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A. Mangai is the pseudonym of Dr. V. Padma, a retired Associate Professor in English from Stella Maris College, Chennai. Her fields of interest are theatre, gender and translation studies. She has written and translated several books and plays, and has been actively engaged in Tamil theatre as an actor, director and playwright for almost three decades. She has directed over 15 plays, all of which deal with women-centric themes. These include Kaala Kanavu (A Dream of Time), a feminist history of Tamil Nadu scripted by the feminist historian V. Geetha, and pieces based on classical Tamil texts. She strives to create a language of theatre from the traditional forms of Tamilnadu. She is also passionate about community theatre, and making theatre the voice of the marginalised. Her work with the transgender community over the past few years has helped form Kannadi Kalai Kuzhu, for whom she has directed two plays. Dr. Mangai has twice been a recipient of the Fulbright Fellowship to teach and conduct research in the US, and has also taught in the UK.

Women’s movement and feminist theatre, Dr. Mangai believes, have succeeded in the representation of women without victimisation, seeing women through her own sense of agency and redefining leadership as part and parcel of grounded realities.

Sharing insights from her book, Acting Up: Gender and Theatre in India, 1979 Onwards, on the trajectory of gendered theatre practices and women’s movements, Dr. Mangai began with a gist on Agusto Boval’s Theatre of the Oppressed, which recognises spectators as “spect-actors” and attributes the act of “doing” rather than “thinking” to spectators, Dr. Mangai spoke about how this theatre movement by Boval has been used as a tool for social change.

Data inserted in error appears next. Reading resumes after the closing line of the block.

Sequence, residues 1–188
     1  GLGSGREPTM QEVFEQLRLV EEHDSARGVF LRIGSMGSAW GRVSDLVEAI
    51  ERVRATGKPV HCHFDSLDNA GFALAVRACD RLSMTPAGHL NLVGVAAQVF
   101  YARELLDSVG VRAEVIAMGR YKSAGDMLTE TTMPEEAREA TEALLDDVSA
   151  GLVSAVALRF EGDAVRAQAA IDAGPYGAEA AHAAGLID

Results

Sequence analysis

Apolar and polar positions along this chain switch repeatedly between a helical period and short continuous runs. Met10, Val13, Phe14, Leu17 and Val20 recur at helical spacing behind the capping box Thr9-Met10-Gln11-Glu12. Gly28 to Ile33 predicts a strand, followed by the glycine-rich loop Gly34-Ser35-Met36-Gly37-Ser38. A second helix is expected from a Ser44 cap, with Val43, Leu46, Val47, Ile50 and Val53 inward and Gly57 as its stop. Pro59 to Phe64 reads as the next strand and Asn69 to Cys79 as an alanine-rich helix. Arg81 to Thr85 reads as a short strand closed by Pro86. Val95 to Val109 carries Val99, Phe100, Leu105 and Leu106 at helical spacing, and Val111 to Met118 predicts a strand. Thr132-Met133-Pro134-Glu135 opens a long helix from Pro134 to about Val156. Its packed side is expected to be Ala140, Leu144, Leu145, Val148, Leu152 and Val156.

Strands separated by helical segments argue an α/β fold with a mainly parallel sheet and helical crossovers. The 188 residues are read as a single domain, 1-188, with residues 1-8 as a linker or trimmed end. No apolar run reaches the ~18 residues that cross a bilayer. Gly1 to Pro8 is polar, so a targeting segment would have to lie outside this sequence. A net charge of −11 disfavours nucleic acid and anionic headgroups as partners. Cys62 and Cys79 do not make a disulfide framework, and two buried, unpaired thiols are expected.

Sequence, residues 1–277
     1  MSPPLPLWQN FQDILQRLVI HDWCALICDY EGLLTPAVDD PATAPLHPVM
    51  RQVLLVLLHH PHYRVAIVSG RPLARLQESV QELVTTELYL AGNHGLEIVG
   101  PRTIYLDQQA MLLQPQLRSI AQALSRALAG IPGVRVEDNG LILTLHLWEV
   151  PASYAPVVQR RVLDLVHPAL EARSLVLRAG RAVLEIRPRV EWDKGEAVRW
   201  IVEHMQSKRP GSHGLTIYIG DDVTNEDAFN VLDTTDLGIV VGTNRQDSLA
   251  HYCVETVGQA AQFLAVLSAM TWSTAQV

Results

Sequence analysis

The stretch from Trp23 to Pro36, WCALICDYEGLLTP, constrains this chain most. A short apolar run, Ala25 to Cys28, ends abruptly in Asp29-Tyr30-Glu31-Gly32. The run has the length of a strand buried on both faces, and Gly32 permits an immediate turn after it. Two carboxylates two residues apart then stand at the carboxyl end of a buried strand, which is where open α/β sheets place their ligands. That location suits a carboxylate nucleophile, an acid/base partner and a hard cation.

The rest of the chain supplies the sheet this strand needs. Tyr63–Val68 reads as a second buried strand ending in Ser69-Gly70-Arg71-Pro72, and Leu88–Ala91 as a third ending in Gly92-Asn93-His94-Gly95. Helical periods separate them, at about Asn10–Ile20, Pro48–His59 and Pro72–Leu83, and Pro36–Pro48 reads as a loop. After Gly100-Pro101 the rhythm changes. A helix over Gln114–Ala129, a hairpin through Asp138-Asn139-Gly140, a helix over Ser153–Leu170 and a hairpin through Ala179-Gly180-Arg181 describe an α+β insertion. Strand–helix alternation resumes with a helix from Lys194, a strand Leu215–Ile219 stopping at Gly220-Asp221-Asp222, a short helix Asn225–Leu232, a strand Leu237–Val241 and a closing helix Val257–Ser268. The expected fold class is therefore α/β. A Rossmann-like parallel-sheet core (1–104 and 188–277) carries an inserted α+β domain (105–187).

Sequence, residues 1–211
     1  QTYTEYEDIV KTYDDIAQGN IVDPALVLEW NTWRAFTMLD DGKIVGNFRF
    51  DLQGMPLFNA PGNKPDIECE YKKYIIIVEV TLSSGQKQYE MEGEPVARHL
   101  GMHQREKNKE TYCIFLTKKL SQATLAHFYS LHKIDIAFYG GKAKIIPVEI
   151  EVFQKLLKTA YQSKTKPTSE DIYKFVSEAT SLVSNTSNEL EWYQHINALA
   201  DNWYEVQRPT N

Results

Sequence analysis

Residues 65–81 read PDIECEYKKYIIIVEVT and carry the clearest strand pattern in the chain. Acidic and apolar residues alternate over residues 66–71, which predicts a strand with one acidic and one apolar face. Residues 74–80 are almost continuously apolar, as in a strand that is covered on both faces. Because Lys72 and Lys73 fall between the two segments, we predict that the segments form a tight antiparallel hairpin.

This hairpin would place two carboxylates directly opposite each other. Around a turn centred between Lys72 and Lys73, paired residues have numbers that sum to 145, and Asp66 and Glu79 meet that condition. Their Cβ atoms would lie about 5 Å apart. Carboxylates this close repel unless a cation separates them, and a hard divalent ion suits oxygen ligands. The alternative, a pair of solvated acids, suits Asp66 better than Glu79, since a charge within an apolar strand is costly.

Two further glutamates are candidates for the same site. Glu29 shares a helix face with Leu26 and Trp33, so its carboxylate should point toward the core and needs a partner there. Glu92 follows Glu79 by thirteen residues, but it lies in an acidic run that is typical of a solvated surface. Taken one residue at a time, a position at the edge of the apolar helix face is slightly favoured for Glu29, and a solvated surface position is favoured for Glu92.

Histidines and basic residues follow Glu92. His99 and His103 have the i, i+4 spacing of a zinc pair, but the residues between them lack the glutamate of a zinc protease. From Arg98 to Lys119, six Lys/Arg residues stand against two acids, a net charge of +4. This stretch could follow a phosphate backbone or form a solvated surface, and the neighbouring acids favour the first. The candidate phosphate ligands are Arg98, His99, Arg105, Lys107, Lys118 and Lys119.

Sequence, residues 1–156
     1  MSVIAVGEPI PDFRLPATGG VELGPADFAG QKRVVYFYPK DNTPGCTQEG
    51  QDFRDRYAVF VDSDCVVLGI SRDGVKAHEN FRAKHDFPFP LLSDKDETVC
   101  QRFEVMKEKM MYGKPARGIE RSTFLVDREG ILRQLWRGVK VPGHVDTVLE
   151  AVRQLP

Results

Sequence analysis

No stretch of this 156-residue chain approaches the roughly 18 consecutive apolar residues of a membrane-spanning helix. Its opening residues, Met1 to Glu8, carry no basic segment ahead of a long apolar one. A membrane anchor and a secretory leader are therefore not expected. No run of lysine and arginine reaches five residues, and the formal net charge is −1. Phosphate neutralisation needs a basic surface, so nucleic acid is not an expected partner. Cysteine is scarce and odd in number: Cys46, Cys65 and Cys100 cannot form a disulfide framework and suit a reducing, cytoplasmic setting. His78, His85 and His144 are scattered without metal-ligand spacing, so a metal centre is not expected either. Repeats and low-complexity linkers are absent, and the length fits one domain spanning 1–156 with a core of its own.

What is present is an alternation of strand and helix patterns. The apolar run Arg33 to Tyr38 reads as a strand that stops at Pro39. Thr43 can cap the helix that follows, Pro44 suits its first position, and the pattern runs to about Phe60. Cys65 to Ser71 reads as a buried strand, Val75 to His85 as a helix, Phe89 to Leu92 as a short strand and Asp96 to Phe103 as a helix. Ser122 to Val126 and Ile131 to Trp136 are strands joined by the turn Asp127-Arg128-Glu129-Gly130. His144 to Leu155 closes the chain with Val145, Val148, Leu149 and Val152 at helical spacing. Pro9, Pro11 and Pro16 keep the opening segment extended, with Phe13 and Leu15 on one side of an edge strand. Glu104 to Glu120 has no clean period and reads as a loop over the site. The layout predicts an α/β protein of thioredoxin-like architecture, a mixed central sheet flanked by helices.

Although riddled with scepticism, Boval’s other contribution, the Legislative Theatre, Dr. Mangai said allows one to engage with law in a very proactive way (Boval used legislative theatre as a tool to identify key community problems and the kind of legislation that would help address it). Today, however, she said, “we talk about individuality in a way that fears individuality.”

Splitting her talk on feminist theatre into “content” and “form,” Dr Mangai went on to cite some important plays that have lent support to the women’s movement and have led to some of the strongest movements/reactions and positive developments that we have seen in recent times.